Any of us more than twenty-five years old can probably remember where we were when we first heard of President Kennedy’s assassination in 1963.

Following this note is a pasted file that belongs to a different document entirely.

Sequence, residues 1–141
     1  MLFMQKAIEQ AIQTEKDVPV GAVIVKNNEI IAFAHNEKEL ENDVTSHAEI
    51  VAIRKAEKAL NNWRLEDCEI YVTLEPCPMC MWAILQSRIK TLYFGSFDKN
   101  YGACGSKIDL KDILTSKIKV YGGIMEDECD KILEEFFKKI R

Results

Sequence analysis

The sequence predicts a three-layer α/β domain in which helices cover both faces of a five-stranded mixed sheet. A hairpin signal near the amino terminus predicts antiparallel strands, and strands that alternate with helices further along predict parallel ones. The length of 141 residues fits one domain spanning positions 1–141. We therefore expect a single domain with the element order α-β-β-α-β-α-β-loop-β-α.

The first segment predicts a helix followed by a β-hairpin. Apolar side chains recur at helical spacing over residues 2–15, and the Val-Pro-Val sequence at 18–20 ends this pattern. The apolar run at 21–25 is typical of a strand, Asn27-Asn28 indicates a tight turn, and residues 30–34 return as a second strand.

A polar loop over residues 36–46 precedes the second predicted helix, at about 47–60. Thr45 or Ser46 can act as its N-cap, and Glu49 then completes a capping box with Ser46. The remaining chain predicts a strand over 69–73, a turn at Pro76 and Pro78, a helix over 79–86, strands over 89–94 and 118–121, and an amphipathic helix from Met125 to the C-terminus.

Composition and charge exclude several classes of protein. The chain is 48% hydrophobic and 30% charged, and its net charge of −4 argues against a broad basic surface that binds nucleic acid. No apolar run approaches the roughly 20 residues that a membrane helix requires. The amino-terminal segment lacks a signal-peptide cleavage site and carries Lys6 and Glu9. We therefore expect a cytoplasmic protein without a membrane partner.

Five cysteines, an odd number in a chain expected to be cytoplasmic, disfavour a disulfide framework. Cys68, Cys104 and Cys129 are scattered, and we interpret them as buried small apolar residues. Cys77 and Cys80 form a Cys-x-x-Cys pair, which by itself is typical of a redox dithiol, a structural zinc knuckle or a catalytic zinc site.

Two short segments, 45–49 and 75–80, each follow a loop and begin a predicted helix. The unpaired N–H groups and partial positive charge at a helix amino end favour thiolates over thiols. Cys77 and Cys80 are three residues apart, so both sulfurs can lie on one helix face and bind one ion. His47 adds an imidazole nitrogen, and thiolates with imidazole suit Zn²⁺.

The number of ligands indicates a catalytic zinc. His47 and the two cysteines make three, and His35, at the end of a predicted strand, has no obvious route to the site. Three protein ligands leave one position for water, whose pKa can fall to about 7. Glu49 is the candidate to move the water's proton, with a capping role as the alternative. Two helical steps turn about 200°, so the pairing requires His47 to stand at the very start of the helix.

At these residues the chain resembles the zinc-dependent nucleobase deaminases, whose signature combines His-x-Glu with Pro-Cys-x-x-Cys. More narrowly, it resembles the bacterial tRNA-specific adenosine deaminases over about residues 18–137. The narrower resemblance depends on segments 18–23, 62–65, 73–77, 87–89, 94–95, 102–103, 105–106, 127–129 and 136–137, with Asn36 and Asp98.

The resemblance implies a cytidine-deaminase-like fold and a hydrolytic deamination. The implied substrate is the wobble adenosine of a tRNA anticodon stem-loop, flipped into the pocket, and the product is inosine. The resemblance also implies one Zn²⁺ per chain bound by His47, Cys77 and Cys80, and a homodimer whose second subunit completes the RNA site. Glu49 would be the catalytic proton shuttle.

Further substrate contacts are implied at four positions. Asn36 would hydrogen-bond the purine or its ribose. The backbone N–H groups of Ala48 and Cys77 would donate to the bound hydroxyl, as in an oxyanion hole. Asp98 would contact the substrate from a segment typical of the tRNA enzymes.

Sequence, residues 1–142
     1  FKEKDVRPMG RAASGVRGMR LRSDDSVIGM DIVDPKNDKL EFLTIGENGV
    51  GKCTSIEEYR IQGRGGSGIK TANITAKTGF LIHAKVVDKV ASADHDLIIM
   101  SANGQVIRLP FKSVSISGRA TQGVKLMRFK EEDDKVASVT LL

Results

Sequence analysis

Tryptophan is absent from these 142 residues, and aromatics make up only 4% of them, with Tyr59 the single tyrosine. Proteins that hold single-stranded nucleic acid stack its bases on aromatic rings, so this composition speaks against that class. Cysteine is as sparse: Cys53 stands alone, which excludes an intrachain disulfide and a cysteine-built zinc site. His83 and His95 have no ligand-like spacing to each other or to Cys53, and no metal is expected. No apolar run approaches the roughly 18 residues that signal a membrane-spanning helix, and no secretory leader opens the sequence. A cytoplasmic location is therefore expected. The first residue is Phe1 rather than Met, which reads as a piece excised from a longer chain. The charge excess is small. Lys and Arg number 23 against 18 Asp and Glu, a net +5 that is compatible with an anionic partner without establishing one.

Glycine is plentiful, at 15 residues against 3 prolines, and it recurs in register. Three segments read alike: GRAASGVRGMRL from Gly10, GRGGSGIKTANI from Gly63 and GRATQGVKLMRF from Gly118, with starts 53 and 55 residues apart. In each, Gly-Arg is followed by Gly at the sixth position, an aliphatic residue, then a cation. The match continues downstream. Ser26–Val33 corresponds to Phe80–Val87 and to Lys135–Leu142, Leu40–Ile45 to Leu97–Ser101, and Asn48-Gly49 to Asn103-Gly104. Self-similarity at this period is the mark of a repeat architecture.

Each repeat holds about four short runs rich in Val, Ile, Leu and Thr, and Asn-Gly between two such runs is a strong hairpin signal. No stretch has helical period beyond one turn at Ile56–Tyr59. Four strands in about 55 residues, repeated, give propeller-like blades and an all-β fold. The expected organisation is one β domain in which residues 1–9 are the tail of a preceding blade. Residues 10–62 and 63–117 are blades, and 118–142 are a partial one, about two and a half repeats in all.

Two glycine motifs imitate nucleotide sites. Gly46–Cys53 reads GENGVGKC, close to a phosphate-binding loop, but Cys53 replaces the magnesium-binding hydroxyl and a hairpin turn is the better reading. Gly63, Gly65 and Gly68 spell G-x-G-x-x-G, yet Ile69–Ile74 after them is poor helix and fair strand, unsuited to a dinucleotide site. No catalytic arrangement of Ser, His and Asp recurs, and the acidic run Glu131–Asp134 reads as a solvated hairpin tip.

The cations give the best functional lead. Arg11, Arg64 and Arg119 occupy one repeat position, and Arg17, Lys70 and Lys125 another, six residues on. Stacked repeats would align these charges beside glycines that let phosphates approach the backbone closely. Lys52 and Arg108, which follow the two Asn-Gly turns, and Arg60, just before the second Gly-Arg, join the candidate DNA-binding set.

British novelist David Lodge, in the introduction to one of his books, tells where he was–in a theater watching the performance of a satirical revue he had helped write. In one sketch, a character demonstrated his nonchalance in an interview by holding a transistor radio to his ear. The actor playing the part always tuned in to a real broadcast. Suddenly came the announcement that President Kennedy had been shot. The actor quickly switched it off, but it was too late. Reality had interrupted the staged comedy. For many believers, worship, prayer, and Scripture are a nonchalant charade. They don’t expect anything significant to happen, but suddenly God’s reality breaks through, and they’re shocked.